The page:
In the case of the last in particulr, clearly extending from before the beginning of definable language to apazint clearly after it, ss Asa Kerem Bayırlı (2023) points out, human cognition has the special property of being able to go beyond the world of experience. This property Bayırlı calls ‘Lambda abstraction’. The cognition here is a natural tool of invention and innovation. But significant though this cognitive evolution doubtless was, the linguistic application of lamda abstraction involved a further cognitive advance, involving not just the co-ordination of elements, but an inseparable, intrinsic relation between the unrelated phenomena of sound and meaning.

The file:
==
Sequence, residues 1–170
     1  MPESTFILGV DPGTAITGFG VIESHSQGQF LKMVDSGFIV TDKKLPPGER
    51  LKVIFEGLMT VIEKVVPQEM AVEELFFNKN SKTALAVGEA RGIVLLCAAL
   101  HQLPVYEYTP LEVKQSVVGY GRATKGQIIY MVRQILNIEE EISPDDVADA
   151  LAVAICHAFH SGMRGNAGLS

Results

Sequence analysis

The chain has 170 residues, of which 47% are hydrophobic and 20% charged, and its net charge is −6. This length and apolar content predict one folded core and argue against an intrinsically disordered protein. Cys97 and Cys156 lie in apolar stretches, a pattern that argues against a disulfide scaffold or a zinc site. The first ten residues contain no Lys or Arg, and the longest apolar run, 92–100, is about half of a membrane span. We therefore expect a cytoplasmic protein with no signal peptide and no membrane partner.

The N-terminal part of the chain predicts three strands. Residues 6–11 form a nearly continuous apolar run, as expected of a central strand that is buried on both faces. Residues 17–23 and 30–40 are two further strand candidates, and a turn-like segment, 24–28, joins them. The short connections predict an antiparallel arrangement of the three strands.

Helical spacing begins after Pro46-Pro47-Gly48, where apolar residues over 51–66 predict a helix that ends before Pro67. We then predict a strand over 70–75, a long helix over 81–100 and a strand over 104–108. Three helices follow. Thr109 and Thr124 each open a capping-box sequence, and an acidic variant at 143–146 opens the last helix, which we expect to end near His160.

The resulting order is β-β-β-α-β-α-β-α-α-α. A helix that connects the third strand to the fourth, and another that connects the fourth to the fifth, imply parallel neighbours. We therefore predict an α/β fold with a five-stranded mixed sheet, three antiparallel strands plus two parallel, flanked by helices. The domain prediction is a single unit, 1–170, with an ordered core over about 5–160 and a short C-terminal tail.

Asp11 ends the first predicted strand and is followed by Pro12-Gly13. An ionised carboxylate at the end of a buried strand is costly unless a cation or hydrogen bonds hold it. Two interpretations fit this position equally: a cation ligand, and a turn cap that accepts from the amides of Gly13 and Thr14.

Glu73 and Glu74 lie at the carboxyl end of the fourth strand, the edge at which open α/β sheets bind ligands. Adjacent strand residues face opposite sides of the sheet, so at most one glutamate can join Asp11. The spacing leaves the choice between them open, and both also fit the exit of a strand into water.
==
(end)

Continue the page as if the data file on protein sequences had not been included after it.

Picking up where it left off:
On the assumption of a constant mutational rate for evolution, it is commonly accepted that the last common ancestors of modern humans and chimpanzees lived about six or seven million years ago, although see Søren Besenbacher et al (2019) for a view by which the divergence was actually some millions of years earlier. But whatever the true age of the divergence, it marks the beginning of the process by which humans have evolved their species-specific characters, being able to throw lethal projectiles, and walk or run long distances on two legs (and thus hunt prey to the point when the prey would collapse out of exhaustion). This evolution involved larger brains, flatter, more vertical faces, a highly-doomed forehead without craggy eyebrows, a smooth top of the skull, longer legs and feet better for running, hands better shaped for delicate, precise manipulation, smaller teeth, a deeper, more pointed chin, a larger tongue, a longer vocal tract with a greater distance between the larynx and the lips and a larger nasal cavity. Stone tool making was plainly an immensely difficult cognitive precursor, taking at least three million years from the point at which human ancestors diverged from other primates.